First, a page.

Lord Kelvin was a highly decorated and recognized 19th century British mathematical physicist and engineer. The list of his pioneering contributions to electricity, thermodynamics, and the emerging field of physics is a very long one. He was knighted by Queen Victoria for his work on the transatlantic telegraph. The guy was a genius.
He’s also famous for his assertion that “There is nothing new to be discovered in physics now. All that remains is more and more precise measurement.” Five years later, Albert Einstein published his paper on special relativity, which challenged the very simple set of rules laid down by Newtonian mechanics. It opened an entirely new field of science that dramatically changed our world.
This is one of many, many examples of experts who become deeply entrenched in the existing model or framework. From telephones, televisions, airplanes, personal computers, to the Internet, most of the technologies we now take for granted were once considered impossible by the experts viewing the world through the lens of existing models. They didn’t fit existing paradigms.
The Oxford English Dictionary defines a paradigm as “a pattern or model, an exemplar.” Wikipedia provides a fascinating entry on paradigms. Much of it focuses on and quotes from the ground-breaking work of American physicist, historian, and philosopher of science, Thomas Kuhn, in his 1962 book, The Structure of Scientific Revolutions.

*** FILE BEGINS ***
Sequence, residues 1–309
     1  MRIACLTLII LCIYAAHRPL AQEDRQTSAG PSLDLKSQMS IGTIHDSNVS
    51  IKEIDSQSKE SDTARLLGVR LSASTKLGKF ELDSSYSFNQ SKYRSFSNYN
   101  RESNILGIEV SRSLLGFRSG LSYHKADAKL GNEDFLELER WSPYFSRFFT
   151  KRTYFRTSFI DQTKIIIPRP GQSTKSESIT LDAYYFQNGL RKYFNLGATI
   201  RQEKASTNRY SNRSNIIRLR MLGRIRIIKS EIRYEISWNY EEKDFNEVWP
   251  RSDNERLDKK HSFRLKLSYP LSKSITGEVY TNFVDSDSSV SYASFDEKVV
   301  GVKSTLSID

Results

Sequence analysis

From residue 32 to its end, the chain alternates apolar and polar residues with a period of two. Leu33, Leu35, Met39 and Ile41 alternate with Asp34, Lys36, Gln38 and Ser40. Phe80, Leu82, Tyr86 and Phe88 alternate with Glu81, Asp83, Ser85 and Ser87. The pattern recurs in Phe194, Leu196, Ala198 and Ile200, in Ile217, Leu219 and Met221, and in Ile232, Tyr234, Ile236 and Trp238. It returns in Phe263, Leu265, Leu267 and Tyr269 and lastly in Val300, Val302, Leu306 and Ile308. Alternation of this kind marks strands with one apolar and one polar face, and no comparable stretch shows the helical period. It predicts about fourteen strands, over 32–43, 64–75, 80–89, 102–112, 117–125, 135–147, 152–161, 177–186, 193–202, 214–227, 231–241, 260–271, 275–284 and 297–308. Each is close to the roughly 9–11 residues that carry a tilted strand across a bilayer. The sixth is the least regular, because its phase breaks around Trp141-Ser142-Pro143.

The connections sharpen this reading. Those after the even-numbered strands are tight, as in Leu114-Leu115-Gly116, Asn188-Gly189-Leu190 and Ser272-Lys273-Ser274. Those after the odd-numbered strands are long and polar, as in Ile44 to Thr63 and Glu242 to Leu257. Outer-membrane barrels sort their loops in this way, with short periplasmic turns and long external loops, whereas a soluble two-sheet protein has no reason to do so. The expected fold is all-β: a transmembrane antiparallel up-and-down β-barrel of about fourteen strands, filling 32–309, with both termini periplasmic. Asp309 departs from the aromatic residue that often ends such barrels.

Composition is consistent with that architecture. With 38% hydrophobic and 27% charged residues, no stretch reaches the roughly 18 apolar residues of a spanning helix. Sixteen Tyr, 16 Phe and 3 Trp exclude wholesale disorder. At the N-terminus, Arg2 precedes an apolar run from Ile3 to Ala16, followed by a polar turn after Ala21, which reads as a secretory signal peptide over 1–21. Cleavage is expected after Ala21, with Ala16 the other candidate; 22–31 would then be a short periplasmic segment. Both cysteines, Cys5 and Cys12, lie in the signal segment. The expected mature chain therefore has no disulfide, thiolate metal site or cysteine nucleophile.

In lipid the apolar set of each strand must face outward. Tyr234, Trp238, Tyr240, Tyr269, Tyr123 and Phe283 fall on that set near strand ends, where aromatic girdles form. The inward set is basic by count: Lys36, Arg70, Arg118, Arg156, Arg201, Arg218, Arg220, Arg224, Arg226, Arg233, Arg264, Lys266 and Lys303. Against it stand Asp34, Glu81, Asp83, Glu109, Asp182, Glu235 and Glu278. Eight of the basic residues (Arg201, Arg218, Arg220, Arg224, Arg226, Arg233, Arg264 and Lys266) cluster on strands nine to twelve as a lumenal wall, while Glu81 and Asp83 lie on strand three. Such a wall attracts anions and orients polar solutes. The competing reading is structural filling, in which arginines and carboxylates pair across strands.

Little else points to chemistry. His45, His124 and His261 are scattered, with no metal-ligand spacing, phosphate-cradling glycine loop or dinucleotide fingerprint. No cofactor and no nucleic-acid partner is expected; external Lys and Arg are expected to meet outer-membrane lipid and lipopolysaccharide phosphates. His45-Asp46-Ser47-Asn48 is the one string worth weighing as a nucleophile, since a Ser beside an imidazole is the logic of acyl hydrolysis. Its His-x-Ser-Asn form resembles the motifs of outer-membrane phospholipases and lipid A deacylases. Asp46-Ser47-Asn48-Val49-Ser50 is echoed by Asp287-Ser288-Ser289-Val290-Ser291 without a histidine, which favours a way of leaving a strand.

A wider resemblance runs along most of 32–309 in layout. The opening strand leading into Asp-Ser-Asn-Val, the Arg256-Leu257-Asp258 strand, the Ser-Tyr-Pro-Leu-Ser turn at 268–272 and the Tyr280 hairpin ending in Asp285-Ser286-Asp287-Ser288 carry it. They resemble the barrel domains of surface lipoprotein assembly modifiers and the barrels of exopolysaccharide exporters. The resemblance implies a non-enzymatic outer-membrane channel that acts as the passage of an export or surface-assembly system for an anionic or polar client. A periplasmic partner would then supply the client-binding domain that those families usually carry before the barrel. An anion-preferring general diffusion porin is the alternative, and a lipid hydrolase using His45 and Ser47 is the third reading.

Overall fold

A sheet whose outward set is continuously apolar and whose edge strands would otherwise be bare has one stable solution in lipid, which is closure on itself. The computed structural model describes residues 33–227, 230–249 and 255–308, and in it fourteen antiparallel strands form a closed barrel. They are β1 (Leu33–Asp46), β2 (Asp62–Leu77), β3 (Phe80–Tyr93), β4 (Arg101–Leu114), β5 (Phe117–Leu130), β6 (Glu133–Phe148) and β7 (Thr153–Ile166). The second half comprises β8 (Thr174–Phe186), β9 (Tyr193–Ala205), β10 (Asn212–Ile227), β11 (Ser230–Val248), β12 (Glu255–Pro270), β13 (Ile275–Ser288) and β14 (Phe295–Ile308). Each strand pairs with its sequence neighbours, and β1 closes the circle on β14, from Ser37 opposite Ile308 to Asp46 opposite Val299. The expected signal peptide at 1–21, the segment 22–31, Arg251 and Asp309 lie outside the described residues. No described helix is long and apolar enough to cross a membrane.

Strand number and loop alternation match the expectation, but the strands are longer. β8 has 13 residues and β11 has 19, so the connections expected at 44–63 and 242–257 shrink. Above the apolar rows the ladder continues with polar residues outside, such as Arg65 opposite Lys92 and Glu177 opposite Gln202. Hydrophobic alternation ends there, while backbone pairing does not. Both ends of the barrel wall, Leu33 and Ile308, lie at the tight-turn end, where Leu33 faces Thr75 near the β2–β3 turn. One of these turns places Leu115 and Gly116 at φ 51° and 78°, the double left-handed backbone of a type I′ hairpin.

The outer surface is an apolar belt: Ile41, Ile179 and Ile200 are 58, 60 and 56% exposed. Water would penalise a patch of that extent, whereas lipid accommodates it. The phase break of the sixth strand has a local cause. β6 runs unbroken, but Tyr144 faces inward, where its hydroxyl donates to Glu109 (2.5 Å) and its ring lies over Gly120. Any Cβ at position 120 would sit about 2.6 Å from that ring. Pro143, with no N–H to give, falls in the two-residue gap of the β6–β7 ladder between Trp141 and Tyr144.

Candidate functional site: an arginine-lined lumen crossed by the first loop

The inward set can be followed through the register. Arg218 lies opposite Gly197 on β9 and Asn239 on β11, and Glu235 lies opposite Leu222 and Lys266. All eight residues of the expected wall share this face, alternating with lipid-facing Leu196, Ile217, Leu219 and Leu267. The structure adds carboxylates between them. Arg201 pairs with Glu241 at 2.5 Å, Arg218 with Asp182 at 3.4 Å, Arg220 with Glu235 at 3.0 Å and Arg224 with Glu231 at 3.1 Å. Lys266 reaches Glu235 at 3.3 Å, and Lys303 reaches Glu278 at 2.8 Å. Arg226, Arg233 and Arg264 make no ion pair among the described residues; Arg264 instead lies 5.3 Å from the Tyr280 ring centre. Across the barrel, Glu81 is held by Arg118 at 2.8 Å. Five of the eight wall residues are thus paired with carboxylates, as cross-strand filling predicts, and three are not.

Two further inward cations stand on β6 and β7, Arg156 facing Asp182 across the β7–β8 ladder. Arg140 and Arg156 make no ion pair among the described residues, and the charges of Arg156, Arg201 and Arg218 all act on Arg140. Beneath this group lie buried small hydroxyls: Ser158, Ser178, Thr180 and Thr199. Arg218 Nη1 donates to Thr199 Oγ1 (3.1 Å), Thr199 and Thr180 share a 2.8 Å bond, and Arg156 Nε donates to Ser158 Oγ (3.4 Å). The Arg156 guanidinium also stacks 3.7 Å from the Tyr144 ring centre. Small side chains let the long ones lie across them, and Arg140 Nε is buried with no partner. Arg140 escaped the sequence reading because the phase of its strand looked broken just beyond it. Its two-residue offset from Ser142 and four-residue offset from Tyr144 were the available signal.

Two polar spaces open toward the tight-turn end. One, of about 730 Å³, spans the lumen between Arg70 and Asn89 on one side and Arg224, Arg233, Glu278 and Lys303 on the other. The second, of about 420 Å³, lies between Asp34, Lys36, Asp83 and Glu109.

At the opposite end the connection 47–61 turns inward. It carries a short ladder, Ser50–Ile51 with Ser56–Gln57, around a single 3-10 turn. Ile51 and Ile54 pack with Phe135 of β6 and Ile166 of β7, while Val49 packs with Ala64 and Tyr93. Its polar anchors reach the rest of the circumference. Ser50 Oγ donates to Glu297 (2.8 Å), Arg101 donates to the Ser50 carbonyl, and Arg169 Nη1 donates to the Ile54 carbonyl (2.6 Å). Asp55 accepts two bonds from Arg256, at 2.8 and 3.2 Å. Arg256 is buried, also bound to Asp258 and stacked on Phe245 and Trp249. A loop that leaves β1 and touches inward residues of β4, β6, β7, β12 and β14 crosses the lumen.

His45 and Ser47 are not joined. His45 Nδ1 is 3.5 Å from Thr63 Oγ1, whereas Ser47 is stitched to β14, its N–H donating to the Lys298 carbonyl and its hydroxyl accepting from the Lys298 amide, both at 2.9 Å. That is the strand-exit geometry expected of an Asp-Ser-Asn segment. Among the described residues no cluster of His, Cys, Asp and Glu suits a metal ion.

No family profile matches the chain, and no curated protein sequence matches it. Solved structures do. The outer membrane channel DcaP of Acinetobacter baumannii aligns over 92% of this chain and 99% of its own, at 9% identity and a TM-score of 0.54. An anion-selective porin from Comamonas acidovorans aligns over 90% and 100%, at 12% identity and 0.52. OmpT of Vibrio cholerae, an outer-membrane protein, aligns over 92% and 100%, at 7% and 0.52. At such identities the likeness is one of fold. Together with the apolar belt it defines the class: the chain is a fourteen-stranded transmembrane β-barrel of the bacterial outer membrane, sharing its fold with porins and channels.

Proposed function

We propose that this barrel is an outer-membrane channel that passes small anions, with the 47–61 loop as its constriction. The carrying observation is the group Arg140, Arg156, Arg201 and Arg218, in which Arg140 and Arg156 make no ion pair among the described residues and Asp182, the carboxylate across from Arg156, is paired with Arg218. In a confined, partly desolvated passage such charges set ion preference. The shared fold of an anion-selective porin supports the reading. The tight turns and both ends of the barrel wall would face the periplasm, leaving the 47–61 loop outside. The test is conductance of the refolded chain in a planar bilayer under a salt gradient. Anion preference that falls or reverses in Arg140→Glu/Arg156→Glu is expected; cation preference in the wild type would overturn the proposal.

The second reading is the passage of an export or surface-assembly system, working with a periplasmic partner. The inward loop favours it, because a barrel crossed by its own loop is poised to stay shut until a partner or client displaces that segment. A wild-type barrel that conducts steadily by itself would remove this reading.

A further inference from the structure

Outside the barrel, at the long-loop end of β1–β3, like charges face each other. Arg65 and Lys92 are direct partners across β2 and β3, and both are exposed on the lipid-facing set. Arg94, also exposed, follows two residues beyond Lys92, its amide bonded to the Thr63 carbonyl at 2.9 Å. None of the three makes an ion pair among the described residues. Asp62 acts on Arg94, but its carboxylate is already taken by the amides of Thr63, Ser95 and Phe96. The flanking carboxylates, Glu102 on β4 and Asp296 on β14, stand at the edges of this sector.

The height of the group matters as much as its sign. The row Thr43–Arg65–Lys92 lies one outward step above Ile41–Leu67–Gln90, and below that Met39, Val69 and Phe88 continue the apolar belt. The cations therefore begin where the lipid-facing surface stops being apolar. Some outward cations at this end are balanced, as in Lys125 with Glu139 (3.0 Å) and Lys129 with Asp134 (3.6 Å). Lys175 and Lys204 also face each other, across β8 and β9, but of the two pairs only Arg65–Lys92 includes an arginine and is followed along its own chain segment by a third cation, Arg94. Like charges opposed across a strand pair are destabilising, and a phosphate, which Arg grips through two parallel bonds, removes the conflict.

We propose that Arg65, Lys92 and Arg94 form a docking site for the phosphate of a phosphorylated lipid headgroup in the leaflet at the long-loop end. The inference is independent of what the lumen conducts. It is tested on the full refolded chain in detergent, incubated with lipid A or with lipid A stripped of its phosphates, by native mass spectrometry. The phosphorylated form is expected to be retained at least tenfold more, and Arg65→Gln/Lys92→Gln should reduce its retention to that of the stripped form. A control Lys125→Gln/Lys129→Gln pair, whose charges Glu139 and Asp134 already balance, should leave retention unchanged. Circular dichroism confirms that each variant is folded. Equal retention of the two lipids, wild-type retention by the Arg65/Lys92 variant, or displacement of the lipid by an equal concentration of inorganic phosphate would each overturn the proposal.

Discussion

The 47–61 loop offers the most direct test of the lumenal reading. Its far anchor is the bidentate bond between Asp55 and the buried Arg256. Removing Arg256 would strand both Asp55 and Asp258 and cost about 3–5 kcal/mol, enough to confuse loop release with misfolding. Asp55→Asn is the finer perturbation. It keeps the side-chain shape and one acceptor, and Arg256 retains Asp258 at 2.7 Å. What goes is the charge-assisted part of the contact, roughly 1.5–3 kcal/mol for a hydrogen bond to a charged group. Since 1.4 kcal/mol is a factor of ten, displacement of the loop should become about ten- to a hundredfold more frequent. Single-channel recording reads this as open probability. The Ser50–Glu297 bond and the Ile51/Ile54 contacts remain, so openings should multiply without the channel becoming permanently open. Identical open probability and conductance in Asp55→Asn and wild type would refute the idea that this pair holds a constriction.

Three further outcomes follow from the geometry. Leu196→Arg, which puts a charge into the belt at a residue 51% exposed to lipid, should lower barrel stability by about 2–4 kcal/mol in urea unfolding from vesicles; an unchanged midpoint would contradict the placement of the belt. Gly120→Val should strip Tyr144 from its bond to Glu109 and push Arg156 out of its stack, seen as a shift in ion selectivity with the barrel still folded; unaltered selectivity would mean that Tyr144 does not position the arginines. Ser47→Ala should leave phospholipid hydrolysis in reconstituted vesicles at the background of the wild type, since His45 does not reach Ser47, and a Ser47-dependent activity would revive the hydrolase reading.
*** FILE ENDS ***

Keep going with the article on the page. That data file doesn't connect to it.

This passage in Wikipedia’s discussion of paradigms really leapt out: “for well-integrated members of a particular discipline, its paradigm is so convincing that it normally renders even the possibility of alternatives unconvincing and counter-intuitive. Such a paradigm is opaque, appearing to be a direct view of the bedrock of reality itself, and obscuring the possibility that there might be other, alternative imageries hidden behind it. The conviction that the current paradigm is reality tends to disqualify evidence that might undermine the paradigm itself…”
That describes exactly what’s happening in the fields of Human Resources and Leadership and Organization Development right now. And as I described in Manifesto for a Leadership Development Revolution, I too became trapped by the current “bedrock” paradigm of needs analysis, gap analysis, and improvement planning. This weakness-based paradigm of leadership and organization development is so strongly and unconsciously held by most of today’s experts that it’s obscuring other possibilities.
Paradigms like our personal philosophies or worldview appear so normal we often don’t even recognize the pattern that’s trapped our thinking. That’s Paradigm Paralysis: “the inability or refusal to see beyond the current models of thinking.” Performance management and competency-based leadership development that builds on strengths is a new paradigm. This can change our world — if we can change our lens and see it.
For over 30 years, Jim Clemmer’s practical leadership approaches have been inspiring action and achieving results. He has delivered thousands of keynote presentations, workshops, and management team retreats to hundreds of organizations around the globe moving his audiences from inspiration to application. He’s listed in the World’s Top 30 Most Influential Leadership Gurus based on research with 22,000 global business people, consultants, academics and MBAs. His website is www.JimClemmer.com